Running Your Freelancing Business

Surprise! There’s much more to being a successful freelancer than being great at your craft.

In this section, we’ll equip you with the knowhow and tools you need to run a profitable and sustainable business. We’ll help you choose the right software, services, and tools for the job, and we’ll also show you how you can link these services together to automate parts of your business.

Additionally, we’ll help you make sure that you’re never strapped for cash by providing a few tips on keeping on top of your cash flow and business expenses.

Our views on running a business:

  • You should have a “data-driven” business. Find out how.
  • You should automate as much of your business as possible so you can focus on serving and billing your clients. Find out how.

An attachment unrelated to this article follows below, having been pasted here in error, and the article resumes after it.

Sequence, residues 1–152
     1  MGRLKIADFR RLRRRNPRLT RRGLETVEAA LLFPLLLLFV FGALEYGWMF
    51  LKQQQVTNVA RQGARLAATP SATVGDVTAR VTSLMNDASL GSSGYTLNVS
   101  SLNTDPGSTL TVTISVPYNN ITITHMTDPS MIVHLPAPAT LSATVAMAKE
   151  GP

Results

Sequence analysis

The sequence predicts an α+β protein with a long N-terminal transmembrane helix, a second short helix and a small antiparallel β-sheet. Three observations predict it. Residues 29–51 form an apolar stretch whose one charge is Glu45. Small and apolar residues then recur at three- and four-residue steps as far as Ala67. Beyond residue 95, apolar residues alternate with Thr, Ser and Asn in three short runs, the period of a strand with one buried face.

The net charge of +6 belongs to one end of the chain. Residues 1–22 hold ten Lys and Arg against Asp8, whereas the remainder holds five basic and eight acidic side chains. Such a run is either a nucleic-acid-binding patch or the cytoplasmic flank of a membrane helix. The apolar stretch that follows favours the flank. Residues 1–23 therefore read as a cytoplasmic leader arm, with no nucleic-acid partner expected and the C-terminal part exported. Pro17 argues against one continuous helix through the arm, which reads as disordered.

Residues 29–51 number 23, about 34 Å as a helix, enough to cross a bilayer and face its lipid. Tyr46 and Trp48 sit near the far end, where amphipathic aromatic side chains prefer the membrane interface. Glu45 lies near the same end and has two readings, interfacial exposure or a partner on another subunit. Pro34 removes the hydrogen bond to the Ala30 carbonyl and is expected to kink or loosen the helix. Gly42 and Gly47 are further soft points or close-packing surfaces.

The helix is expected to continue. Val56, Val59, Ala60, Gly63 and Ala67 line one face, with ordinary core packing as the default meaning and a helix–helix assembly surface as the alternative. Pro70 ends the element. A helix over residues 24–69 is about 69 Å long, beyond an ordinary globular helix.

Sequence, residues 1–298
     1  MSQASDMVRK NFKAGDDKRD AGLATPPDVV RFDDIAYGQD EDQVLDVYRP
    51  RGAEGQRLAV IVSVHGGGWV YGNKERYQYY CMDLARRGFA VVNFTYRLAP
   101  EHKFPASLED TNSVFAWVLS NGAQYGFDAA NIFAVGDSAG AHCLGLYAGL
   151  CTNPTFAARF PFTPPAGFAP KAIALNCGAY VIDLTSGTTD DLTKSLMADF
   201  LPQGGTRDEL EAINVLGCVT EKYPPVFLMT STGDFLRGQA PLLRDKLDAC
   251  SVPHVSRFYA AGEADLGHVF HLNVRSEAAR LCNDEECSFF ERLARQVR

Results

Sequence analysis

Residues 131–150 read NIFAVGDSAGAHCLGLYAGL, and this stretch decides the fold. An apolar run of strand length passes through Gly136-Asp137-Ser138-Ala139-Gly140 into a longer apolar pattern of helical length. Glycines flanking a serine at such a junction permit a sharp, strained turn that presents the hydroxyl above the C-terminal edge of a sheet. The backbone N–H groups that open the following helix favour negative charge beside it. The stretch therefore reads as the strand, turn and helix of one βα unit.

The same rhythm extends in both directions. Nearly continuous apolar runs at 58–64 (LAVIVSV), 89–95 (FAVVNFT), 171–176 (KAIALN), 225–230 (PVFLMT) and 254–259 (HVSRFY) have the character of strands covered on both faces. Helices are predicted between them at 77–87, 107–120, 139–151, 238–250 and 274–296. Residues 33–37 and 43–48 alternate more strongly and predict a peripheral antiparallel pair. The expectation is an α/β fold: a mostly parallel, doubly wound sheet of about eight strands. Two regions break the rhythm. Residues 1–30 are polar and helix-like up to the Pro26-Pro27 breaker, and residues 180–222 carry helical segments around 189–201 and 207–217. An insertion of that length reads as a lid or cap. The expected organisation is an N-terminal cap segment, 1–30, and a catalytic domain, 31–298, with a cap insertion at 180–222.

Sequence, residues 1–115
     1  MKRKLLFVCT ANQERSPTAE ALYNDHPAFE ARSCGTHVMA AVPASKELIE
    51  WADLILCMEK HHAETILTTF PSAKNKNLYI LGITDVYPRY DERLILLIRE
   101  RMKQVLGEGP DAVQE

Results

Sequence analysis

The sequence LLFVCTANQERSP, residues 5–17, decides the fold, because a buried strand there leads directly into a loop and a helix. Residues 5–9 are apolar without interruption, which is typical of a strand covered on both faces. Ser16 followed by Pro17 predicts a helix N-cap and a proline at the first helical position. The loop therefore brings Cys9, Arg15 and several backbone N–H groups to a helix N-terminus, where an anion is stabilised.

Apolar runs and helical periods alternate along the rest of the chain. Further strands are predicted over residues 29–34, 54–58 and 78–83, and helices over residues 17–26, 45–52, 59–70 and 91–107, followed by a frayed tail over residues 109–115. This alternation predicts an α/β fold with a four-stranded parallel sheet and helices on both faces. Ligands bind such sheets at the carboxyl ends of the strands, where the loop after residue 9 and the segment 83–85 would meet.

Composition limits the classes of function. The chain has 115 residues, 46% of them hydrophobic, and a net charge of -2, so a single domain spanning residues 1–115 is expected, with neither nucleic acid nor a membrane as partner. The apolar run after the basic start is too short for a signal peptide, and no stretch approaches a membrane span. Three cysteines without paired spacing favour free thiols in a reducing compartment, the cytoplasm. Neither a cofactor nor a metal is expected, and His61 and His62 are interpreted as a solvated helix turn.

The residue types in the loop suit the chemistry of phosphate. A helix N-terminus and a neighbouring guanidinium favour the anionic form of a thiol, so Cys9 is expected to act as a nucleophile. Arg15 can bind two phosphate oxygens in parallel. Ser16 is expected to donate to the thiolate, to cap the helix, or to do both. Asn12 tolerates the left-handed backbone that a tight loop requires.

• You should create recurring revenue streams. Find out how.

Whether through 4+ years of in-depth articles, premium courses, the conferences and events I host, or my podcast, my #1 goal is to help you become a more successful freelancer.

Brennan Dunn

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The Freelancer’s Guide To Recurring Revenue

It’s pretty much inevitable that after the realization that “Oh my God, I’m making a ton of money” freelancing, just about every consultant I’ve met soon realizes, “But that money disappears when I stop working.”

This post is going to dive into how you, an idea-less freelance consultant, can build products of your own and develop recurring revenue streams that don’t necessarily require an ongoing commitment of your time.

How To Better Manage Your Freelancing Business

Greg writes:
“The thing that bothers me most about freelancing: the way the managing of the business is a time-suck from actual design and production.”